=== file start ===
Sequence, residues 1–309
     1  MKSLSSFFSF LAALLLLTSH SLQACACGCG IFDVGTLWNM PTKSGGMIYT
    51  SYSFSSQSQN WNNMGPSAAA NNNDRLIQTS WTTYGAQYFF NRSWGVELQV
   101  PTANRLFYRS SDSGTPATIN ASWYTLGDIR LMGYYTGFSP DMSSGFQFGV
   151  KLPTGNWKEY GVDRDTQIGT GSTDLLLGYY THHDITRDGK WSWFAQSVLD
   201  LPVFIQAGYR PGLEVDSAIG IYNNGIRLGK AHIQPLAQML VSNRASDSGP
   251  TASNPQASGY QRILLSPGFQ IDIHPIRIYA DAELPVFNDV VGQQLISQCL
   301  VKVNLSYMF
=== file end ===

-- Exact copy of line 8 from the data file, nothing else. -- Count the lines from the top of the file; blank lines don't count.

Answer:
   301  VKVNLSYMF